A Separation - New York Film Festival Review
By Ron Wilkinson Oct 4, 2011, 16:11 GMT
A couple has to make a decision to leave Iran to better the life of their child or to stay and take care of a parent suffering from Alzheimers; however, the couple\'s marriage may end in divorce. ...more
A light yet powerful Islamic family drama that refuses to cave in to stereotypes.
A very surprising film, and a pleasant surprise at that. From the first moments of this movie, when Islamic wife Nader (Peyman Moaadi) argues heatedly with her Islamic husband Simin (Leila Hatami), you are sure she is going to be killed, maimed or humiliated.
We are taught to believe this is what happens to uppity Islamic women. Instead, a most complex and intriguing legal, political, romantic, family drama unfolds that has more twists and turns than any spy thriller released this year.
It goes without saying that emerging director Asghar Farhadi was not about to make an exploitation film about sexism in the Islamic culture. Instead, he produced a well-directed and insightful look into a family coping with a crisis that is all but unknown in the western world.
The quality of the acting and screenplay is high enough for it to win the Golden Bear as well as acting prizes for all four lead performers at this year's Berlin Film Festival. This is not Farhadi’s first victory in Berlin; he took home the Silver Bear for his “About Elly” in 2009.
The issue at hand is the couple’s lucky break in obtaining coveted visas to leave Iran for the United States. Husband Simin is the driving force in this, hoping to provide a better future for their 11-year-old daughter.
However, once the visas are on the way, Simin confronts the reality of leaving his Alzheimer’s stricken father behind and realizes he cannot do it. Nader wants to stick with the plan and take daughter Termeh (Sarina Farhadi) with her to the USA, even if Simin stays behind.
Seeing this impending cataclysm, the two decide on a trial separation. Simin moves out and Nader’s world collapses like a house of cards. Now, writer/director Farhadi could have produced a comedy about how the man finally realizes how important his wife is. Alternatively, he could have cranked out a preachy, religious gospel about the wife’s place in the home. Instead, he pulls the rug out from under the audience and hatches a convoluted plot that does not quit until the credits roll.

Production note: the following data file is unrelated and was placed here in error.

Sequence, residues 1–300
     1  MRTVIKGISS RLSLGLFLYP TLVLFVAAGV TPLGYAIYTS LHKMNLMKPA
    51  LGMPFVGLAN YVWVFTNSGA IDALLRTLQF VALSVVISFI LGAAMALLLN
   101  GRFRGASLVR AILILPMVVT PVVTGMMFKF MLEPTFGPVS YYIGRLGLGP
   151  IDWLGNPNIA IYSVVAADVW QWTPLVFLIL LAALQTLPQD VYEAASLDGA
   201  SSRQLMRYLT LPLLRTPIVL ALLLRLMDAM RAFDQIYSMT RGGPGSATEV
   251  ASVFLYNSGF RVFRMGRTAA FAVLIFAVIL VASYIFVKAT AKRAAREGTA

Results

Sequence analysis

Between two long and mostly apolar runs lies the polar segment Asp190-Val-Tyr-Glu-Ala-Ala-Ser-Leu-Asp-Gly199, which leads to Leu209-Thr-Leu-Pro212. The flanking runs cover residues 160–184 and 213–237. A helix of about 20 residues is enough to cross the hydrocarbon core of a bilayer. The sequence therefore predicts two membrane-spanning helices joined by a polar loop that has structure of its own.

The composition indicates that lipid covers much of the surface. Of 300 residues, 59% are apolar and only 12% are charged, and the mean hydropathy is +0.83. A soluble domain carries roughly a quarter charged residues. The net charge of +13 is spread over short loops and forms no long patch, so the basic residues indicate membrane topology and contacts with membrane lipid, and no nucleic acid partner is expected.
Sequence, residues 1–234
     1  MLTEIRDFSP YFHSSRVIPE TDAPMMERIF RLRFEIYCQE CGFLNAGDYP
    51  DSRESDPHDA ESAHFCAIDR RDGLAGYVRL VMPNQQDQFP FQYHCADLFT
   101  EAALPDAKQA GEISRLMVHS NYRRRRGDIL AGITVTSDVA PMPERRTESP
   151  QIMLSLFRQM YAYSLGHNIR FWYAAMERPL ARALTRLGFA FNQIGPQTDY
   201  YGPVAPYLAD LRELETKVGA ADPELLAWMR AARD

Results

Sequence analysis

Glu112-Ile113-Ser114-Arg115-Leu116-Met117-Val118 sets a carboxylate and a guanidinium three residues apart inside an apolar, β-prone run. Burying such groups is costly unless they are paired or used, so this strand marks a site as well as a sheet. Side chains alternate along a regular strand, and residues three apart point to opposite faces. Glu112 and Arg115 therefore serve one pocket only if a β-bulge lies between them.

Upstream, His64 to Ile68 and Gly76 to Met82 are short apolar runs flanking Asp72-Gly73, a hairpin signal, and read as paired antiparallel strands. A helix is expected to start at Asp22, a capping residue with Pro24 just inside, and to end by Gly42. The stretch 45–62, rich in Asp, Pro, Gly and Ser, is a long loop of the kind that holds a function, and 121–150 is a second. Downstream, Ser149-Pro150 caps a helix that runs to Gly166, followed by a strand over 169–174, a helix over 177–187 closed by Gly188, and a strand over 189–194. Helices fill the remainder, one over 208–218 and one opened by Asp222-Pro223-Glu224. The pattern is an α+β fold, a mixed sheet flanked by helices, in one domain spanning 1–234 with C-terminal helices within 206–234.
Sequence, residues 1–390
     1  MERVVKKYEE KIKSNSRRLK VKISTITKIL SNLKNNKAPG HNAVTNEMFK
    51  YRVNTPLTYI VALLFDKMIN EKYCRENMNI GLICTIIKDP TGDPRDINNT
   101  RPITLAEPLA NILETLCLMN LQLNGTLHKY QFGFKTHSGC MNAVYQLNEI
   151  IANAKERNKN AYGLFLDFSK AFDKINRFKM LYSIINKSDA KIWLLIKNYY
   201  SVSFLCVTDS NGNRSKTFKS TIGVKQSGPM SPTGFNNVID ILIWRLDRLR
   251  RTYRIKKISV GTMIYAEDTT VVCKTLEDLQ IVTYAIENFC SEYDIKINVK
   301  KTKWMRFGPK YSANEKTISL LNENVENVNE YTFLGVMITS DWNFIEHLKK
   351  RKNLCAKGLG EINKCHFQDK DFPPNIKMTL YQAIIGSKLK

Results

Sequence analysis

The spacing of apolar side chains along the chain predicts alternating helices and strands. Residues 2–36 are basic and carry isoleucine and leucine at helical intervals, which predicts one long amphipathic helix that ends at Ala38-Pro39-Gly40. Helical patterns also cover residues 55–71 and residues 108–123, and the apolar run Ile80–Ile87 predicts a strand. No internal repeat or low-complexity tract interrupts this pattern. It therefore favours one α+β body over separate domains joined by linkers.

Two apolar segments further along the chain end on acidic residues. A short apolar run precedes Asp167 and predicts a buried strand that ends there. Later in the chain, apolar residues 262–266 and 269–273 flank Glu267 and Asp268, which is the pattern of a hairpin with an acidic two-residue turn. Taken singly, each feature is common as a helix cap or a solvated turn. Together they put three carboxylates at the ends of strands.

In fact, at the 2011 New York Film Festival the audience stayed in their seats throughout the credits, thinking there was more to come.
When Nader leaves, she hires Razieh (Sareh Bayat), a pregnant woman with deep Islamic convictions. She takes the job unbeknownst to her husband Hodjat (Shahab Hosseini), an unemployed laborer with a hair trigger temper and a chip on his shoulder the size of the Caspian Sea. It is a serious sin for Razieh to be alone with a strange man, even if he does not know a woman from a pomegranate.
There are some funny moments in the first thirty minutes of the film. Razieh’s position must be kept secret, but when she miscarries with a 19-week-old fetus and Simin is accused of causing the miscarriage, the resulting charge of murder under Islamic law is no laughing matter.
Now he is not just fighting with his wife to keep their family together and take care of his father, he is fighting to avoid life in prison. As the differing versions of events come pouring out of the closet, Rashomon style, even the most attentive viewer finds it hard to remember the truth. Or, even to sort out what is significant and what is not.
The Berlin Awards for best acting went to the two couples. Indeed, it is hard to decide who of the four is best. They each have riveting depth in their performances, assisted greatly by Farhadi’s intelligent and challenging script.
Nonetheless, in the end, the entire story shifts to daughter Termeh who becomes not only the oracle but also the power center for the convulsing foursome. The scene shifts back and forth from a story of male-female dominance to one of the power of the young versus the power of the old.
A completely successful and unique look at modern family life in Iran. A great supporting performance for courtroom magistrate Babak Karimi whose no-nonsense chop-off-his-hand attitude gradually gives way to the Islamic episode of Judge Judy unfolding before him, and a yeoman like Alzheimer’s by Ali-Asghar Shahbazi.
Visit the movie database for more information.
Directed and Written by: Asghar Farhadi
Starring: Peyman Moaadi, Leila Hatami and Sareh Bayat
Release Date: NYFF—No Planned Release
MPAA: Rated PG-13 for mature thematic material
Running Time: 123 Minutes
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